Hiawatha Golf Course One Step Closer to Listing in the National Register of Historic Places
On Tuesday, January 17, 2023, the Minneapolis Heritage Preservation Commission (HPC) voted eight to zero to support the nomination for listing the Hiawatha Golf Course in the National Register of Historic Places. With this vote, the historic eighteen-hole course, which has historic significance for African Americans in Minneapolis and is currently threatened with being redesigned to nine holes, moves one step closer to designation. The nomination now proceeds to the Minnesota State Historic Preservation Office (SHPO), which will decide on February 7 whether to approve the listing and send it on to the National Park Service (NPS) in Washington, D.C.
The proposed redesign from eighteen to nine holes led The Cultural Landscape Foundation (TCLF) to enroll Hiawatha as a threatened cultural landscape in its Landslide program on March 1, 2022. The site’s steward, the Minneapolis Park and Recreation Board (MPRB), has repeatedly claimed that problems with periodic flooding and other issues necessitate this fundamental redesign, outlined in a Master Plan adopted in September 2022. The plan calls for reducing the course to nine holes and re-purposing some of the National Register-eligible parkland for water storage and activities like fat tire bike trails, a dog patio, and kayaking. In the Landslide designation, TCLF called on the MPRB to “retain a consultant who meets the Secretary of the Interior’s (SOI) Standards for Historian/Architectural Historian to undertake a more in-depth assessment of the landscape’s integrity and significance.” Among other outcomes, this would result in a more informed period of significance for this individual resource and a better understanding of the adverse effects brought on by the proposed redesign. The MPRB declined to do so.
The Minneapolis-based Bronze Foundation took on the job of commissioning a National Register nomination, which was researched and written by the Minneapolis-based historical consultants Hess, Roise and Company. As the Landslide designation notes, several alterations to the course have been made. In addition, following floods in 1987 and 1991, course drainage was improved by elevating some of the fairways, tiling the greens, adding water hazards as water collection points, and installing new pumps. Additional severe flooding in 2014 meant the site could not fully reopen until Spring 2016. Nevertheless, the nomination states: “Hiawatha Golf Course and Clubhouse displays good overall integrity, particularly of location, setting, feeling, design, and association.”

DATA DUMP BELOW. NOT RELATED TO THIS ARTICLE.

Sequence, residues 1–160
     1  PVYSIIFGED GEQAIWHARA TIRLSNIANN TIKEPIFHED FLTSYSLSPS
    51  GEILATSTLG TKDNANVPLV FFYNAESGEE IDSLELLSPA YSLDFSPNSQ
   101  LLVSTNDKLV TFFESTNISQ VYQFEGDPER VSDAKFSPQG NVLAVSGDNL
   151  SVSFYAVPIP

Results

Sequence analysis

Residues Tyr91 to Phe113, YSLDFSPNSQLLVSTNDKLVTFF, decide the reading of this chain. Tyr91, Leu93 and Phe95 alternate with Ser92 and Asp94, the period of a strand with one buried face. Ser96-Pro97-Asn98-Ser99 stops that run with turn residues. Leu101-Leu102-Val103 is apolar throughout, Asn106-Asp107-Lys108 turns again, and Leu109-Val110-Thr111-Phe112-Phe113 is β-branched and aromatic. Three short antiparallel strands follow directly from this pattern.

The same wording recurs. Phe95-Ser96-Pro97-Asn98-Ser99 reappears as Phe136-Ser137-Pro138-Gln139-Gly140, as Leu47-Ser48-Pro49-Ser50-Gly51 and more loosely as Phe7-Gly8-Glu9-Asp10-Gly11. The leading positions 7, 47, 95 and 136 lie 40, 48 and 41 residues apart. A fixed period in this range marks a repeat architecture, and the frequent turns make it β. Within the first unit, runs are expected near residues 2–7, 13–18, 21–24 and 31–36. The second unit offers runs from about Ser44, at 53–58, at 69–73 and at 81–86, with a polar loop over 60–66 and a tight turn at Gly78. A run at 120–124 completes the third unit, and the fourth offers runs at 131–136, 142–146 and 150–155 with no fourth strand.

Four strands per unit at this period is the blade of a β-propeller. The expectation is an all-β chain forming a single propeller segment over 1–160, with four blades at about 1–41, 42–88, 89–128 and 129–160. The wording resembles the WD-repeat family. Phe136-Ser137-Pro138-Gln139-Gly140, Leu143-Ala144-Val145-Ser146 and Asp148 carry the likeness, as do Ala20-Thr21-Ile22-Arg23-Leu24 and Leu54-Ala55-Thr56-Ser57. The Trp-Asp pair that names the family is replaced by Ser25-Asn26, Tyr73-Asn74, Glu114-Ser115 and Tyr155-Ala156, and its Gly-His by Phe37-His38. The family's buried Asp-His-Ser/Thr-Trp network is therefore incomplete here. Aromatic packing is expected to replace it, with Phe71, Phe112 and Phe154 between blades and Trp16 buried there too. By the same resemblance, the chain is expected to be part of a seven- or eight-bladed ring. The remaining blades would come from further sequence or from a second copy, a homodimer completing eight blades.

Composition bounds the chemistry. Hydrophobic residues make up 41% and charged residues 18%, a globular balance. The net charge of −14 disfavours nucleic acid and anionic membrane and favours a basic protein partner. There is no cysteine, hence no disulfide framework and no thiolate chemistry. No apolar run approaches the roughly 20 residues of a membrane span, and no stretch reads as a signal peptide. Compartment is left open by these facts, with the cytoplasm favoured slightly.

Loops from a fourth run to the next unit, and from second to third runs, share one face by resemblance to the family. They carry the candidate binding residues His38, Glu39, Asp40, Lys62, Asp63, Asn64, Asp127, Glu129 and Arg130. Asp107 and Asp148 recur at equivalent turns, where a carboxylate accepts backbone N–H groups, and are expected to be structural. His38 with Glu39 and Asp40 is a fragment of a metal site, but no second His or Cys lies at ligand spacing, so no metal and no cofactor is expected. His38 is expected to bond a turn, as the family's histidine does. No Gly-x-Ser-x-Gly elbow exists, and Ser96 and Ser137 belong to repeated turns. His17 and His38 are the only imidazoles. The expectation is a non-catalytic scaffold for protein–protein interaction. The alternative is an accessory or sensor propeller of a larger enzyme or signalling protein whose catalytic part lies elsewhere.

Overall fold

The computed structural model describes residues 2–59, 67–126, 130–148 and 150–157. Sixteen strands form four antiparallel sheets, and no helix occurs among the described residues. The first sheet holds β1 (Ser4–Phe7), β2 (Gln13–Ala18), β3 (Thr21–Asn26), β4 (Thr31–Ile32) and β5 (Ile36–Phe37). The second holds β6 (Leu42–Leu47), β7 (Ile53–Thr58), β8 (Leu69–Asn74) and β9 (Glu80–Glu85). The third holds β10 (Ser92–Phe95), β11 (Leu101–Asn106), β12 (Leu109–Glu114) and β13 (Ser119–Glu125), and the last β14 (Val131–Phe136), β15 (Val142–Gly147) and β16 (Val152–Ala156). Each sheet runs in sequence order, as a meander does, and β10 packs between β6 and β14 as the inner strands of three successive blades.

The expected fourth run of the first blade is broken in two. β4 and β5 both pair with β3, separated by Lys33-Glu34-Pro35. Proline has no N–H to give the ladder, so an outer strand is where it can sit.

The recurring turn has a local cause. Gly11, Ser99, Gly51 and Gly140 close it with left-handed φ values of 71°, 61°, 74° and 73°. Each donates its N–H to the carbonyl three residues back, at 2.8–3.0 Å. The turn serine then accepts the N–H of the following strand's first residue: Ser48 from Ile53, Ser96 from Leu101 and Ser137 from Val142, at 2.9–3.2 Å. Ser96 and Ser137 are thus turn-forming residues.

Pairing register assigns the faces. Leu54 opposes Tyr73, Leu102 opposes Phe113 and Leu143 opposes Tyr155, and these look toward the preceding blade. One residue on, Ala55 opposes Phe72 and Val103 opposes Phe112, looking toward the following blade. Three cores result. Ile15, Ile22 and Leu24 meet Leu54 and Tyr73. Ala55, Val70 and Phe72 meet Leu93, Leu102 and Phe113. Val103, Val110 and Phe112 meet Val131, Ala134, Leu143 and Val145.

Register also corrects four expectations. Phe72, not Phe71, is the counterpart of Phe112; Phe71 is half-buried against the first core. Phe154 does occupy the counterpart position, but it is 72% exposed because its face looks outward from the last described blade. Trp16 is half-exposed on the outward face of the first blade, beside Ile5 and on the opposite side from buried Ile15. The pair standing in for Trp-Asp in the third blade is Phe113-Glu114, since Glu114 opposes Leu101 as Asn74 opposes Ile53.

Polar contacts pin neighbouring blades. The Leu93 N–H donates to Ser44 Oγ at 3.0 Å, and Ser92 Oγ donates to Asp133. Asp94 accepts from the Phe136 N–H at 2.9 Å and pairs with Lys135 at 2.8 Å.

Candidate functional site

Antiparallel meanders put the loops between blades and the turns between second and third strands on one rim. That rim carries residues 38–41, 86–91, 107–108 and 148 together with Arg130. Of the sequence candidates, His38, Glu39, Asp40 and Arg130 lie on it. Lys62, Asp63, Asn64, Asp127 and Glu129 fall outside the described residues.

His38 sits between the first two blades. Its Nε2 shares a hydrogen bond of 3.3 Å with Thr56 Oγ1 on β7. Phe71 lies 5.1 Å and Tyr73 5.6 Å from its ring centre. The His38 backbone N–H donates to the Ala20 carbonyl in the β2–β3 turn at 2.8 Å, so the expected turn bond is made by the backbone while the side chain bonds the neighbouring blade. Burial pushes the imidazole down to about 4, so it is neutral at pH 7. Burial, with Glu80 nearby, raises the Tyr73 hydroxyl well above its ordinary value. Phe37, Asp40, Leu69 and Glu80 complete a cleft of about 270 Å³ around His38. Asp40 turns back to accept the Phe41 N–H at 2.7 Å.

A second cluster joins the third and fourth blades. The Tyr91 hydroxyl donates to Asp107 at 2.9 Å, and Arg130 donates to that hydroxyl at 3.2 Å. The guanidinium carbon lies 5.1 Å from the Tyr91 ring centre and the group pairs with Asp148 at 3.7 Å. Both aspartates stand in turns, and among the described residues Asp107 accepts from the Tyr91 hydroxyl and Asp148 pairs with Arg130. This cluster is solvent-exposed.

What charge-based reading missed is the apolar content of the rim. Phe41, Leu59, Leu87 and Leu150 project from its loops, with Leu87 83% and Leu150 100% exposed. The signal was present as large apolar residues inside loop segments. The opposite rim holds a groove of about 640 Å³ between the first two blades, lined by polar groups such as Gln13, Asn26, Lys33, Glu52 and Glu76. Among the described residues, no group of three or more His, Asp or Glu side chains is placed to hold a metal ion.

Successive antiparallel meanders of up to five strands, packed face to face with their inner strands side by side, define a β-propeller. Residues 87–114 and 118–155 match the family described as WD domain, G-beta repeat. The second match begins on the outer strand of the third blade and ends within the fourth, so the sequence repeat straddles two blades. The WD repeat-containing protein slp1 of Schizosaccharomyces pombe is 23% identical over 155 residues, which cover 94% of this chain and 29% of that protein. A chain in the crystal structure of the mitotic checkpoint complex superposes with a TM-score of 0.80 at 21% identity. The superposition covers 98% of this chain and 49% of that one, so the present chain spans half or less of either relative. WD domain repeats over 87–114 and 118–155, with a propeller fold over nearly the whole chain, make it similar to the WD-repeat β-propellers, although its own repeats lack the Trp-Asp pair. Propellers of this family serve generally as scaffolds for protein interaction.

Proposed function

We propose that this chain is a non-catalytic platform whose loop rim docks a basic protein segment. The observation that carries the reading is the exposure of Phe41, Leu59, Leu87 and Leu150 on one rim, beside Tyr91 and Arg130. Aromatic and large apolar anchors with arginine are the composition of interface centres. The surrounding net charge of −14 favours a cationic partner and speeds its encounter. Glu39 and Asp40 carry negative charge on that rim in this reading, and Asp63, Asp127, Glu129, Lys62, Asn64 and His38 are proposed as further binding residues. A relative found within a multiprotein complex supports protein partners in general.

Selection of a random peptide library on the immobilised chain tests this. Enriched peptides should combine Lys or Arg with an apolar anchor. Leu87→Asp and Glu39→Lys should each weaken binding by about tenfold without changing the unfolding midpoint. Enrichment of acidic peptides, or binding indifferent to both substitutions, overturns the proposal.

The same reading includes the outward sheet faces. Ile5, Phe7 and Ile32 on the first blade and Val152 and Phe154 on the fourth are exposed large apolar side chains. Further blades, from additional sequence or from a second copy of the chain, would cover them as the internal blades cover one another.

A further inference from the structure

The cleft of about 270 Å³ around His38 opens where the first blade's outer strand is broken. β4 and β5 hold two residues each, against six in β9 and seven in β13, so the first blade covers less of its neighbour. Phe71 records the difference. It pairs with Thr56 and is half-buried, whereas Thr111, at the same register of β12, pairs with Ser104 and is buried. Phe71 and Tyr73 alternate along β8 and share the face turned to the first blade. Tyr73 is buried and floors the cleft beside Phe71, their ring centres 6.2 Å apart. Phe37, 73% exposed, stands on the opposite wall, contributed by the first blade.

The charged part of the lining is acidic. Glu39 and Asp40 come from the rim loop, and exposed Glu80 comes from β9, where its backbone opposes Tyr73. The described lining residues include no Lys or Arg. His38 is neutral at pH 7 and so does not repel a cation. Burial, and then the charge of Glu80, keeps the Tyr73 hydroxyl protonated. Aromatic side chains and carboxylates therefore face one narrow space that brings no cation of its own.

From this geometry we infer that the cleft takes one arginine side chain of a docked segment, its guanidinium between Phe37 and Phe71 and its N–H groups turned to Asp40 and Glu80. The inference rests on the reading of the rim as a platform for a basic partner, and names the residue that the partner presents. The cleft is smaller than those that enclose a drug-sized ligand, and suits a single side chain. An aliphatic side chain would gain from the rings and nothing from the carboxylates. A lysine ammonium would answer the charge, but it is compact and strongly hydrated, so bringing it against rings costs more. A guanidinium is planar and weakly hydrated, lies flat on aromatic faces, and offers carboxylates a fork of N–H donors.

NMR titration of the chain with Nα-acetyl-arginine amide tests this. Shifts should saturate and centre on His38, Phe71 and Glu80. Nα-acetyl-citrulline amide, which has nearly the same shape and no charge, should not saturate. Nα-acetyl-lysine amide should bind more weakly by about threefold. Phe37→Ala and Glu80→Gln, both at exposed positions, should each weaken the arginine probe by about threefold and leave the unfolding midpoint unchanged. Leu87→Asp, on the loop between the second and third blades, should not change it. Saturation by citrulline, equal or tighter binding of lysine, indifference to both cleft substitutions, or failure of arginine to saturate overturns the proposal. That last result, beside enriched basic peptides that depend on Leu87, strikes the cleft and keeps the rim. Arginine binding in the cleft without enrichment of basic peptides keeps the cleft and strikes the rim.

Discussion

Hess Roise, and Company were tasked with researching the history of the land known as the Hiawatha Golf Course, and not any periods before the course’s creation, and its African American associations. Consequently, by design, the nomination does not address other histories including those associated with Indigenous Peoples and pre-European settlement. As was noted in the January 17 HPC meeting and an MPRB meeting the next night, there are avenues for addressing those other histories. Should the Hiawatha Golf Course be listed in the National Register, the designation could be updated and amended; this is not unusual. Indeed, the MPRB and/or other organizations could commission National Register nominations that address other histories and this information could supplement the site’s designation. In fact, they could have already initiated this process, but to date, they have not done so.
However, on January 18 six of nine MPRB Commissioners did vote to approve sending a letter to the SHPO and NPS that, among other things, called out the nomination for not “including Indigenous histories extending back thousands of years” and for not addressing the complicated ecological and environmental management challenges detailed in the Master Plan. Again, the former was not within the scope of work and the latter is not necessarily germane. Another matter raised at the January 17 HPC meeting and January 18 MPRB meeting was whether National Register designation could result in Hiawatha’s redesign being subject to a Section 106 review, which would require the MPRB to avoid, minimize and mitigate any adverse effects. However, Assistant Superintendent Michael Schroeder stated during the MPRB meeting that the Master Plan already anticipated and, in fact, plans for a six-to-nine-month Section 106 review, and that it aligns with mitigation measures (there was no mention of avoidance and minimization).
All eyes are now on the February 7 Minnesota SHPO meeting. Should the nomination get approved, it would advance to the NPS, which would have 45 days from receipt to render its decision.